Bipolar Disorder: Symptoms, Medical Management, History and Risk Factors

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While studying and researching the progression, signs of symptoms, medical management, history and risk factors, medical interventions, diagnosis, and tests of bipolar disorder, a reader or patient will find some fascinating information about this disorder. This case study will reflect on many factors of bipolarism and will provide great information on prevention and physical therapy for this disease. This study will also address some support resources for this disorder, and talk about coverage of this disease process. Bipolar disorder can start out at early stages of life. A person could spend months or even years with this disorder but never have received a diagnosis, or any treatment for this problem. Progression of this disease can be initiated by many factors in life, and symptoms can be very serious if the patient is not diagnosed early in the stages. There are many symptoms of bipolar disorder, and there is also two different types of this disease. The first type of this disease is bipolar one, this is the serious type of disorder because it is the kind where people can be extraordinarily manic, psychotic, or might even need to be hospitalized. In this type of disease, the patient’s mood will oscillate back and forth from depressions and manias. The second type of bipolarism is bipolar two, also called hypomania.

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This type of disease is far less severe than bipolar one, but still does not need to be left unheard. A person with bipolar two will have a little bit of mania; they might also have increased energy and decreased need for sleep. If these two types of bipolarism are not treated at early stages, it could lead to serious harm to other people of the even to the patient themselves. Bipolar disorder can be caused by many different things. It could be caused by psychosocial stresses from society, or it can be passed down genetically from previous generations. The progression of this disease is severe enough that we the people should be looking for symptoms from people in our family, friends, and community. We must find these symptoms at early stages to prevent people from committing suicide from progressed depression, or prevent people from hurting others through abuse and other actions. Bipolarism can also progress into dysphoric mania, which is when manic patients become very uncomfortable, anxious, or overdriven. It is estimated that two-thirds of women might have dysphoric mania, and if people are using substances or being abused, they are also more likely to become dysphoric over time. Other signs and symptoms of bipolar disorder could be categorized into two different sections of depression, or manic episodes. Symptoms of depression could be diminished interest or pleasure throughout the day, significant weight loss or loss of appetite, insomnia or hypersomnia nearly all day, psychomotor agitation, feeling worthless and always thinking about death.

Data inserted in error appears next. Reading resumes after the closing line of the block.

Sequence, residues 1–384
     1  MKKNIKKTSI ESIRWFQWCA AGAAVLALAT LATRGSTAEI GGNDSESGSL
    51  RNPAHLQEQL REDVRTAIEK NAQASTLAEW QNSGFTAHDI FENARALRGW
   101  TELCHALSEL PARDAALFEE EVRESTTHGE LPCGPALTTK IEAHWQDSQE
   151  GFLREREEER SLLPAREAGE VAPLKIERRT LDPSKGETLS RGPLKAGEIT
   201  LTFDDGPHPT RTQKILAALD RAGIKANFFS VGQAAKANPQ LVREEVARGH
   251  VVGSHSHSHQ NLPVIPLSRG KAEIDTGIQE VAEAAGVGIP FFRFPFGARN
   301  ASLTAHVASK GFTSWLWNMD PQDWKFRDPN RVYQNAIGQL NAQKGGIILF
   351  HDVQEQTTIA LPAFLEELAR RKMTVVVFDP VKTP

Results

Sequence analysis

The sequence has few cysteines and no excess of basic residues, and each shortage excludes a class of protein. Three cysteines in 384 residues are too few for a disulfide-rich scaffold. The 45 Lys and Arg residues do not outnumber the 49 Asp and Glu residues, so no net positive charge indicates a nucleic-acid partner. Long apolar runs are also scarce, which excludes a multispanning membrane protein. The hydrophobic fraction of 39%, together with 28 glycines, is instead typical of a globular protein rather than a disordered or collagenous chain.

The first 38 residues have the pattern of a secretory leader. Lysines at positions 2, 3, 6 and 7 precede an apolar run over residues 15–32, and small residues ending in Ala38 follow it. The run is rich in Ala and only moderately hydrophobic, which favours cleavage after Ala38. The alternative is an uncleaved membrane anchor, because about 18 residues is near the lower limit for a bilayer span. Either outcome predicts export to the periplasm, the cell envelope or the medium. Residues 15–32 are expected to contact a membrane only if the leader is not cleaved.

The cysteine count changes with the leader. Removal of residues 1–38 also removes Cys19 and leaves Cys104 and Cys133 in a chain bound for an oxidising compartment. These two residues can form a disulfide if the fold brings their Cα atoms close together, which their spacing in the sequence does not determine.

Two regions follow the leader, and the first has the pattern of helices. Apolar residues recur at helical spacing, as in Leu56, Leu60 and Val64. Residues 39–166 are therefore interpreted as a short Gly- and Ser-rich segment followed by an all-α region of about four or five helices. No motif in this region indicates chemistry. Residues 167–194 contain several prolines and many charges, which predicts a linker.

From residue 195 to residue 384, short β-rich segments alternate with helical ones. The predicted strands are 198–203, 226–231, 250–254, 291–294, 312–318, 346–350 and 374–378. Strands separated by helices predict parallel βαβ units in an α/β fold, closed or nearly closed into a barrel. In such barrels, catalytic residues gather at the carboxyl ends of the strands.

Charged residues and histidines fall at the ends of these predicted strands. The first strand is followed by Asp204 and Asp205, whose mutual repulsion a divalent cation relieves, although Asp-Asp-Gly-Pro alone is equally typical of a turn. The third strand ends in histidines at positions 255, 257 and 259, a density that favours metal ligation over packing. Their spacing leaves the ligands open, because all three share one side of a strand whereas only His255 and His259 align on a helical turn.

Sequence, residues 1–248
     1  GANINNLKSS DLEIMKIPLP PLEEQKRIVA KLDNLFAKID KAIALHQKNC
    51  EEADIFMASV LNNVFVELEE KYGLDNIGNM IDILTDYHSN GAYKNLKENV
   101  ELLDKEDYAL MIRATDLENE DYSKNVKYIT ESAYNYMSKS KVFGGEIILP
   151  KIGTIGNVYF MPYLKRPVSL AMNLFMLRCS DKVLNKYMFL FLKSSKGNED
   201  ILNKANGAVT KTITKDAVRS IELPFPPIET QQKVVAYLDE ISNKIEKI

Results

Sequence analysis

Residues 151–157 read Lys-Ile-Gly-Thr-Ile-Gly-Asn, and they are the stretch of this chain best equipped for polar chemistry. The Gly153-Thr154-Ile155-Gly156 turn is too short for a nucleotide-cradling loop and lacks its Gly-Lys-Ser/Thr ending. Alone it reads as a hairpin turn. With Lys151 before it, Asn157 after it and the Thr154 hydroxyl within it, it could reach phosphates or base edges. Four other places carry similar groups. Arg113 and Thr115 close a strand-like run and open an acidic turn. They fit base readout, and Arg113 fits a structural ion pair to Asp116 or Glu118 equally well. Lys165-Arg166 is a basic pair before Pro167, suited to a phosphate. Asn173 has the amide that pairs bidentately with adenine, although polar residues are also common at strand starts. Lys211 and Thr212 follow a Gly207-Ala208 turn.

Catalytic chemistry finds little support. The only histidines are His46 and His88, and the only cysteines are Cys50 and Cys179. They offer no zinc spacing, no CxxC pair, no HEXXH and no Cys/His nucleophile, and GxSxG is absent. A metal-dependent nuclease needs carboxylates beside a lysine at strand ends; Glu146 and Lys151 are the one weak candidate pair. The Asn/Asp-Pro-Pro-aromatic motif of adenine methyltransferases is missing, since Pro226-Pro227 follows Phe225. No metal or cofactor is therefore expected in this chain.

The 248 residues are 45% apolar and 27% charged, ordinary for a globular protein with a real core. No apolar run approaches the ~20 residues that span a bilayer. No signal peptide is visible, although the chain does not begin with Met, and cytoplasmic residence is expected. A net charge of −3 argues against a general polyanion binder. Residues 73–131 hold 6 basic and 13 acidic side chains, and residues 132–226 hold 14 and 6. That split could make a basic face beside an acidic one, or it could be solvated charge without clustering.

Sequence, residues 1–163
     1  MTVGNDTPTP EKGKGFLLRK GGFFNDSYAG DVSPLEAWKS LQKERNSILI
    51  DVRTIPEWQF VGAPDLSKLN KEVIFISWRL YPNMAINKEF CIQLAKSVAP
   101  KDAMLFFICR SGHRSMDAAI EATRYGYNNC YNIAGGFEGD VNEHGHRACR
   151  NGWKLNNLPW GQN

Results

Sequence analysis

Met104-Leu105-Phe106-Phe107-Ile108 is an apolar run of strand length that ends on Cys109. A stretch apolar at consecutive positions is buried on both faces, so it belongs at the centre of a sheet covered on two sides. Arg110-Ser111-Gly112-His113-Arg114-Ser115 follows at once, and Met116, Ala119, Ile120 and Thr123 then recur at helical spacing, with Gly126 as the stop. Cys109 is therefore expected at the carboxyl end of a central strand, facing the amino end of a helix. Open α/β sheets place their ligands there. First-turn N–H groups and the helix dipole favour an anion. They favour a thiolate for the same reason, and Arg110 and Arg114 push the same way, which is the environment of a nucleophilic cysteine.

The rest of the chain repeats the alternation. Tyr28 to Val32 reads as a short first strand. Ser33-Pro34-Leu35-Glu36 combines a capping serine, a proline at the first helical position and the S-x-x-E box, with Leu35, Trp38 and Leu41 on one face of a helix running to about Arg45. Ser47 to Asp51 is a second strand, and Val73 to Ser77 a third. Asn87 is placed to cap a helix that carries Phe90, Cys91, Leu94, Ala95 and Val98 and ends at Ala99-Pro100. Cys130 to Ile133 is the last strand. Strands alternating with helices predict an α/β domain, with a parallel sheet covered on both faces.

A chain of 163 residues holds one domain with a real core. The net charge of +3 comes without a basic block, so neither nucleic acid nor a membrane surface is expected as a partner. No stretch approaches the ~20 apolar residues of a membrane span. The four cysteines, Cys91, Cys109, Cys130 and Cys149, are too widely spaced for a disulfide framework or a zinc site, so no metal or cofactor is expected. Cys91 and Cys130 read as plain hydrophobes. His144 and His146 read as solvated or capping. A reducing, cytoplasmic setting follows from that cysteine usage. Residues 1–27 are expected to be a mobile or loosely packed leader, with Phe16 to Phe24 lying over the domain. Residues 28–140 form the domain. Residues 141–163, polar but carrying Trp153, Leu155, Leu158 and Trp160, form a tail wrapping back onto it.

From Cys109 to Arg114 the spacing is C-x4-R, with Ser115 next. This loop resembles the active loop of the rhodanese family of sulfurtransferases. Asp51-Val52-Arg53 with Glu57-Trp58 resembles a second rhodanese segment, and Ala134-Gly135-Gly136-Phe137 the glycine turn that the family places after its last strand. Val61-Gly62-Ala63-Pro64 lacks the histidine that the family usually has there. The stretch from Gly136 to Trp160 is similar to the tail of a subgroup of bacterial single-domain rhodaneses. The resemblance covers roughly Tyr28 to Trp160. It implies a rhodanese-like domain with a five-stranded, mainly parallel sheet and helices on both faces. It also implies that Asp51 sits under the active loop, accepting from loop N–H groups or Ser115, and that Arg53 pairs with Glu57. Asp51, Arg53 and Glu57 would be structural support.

The other side of bipolarism is the manic episodes. This person would have symptoms like inflated self-esteem, feel persistently elevated in their mood, be easily agitated, become more talkative than usual, or have distractibility. There are ways to coping and treating bipolarism. One way is to first get a psychiatrist and get evaluated. Before tests become available, or for urgent reasons, the patient may be prescribed mood stabilizers or other forms of drugs that would treat bipolarism. Once the patient becomes available for testing he/she would have a CT scan or a MRI done. A patient might also have an EEG done for further evaluation. Since bipolarism not only affects the patient, but the family too, it is important that the family’s physician and psychiatrist creates an effective and collaborative connection with the family and patient. The family and patient will have many meetings together with their family physician and psychiatrist to further cope and overall get the patient well again to be independent and self-driven once again. Once the patient becomes more stable he or she will not need to see the psychiatrist as often, but will still have to meet for follow-ups to view their course of illnesses. In addition, counseling and family therapy are important components of management and may be rendered by the family physician, or psychiatrist.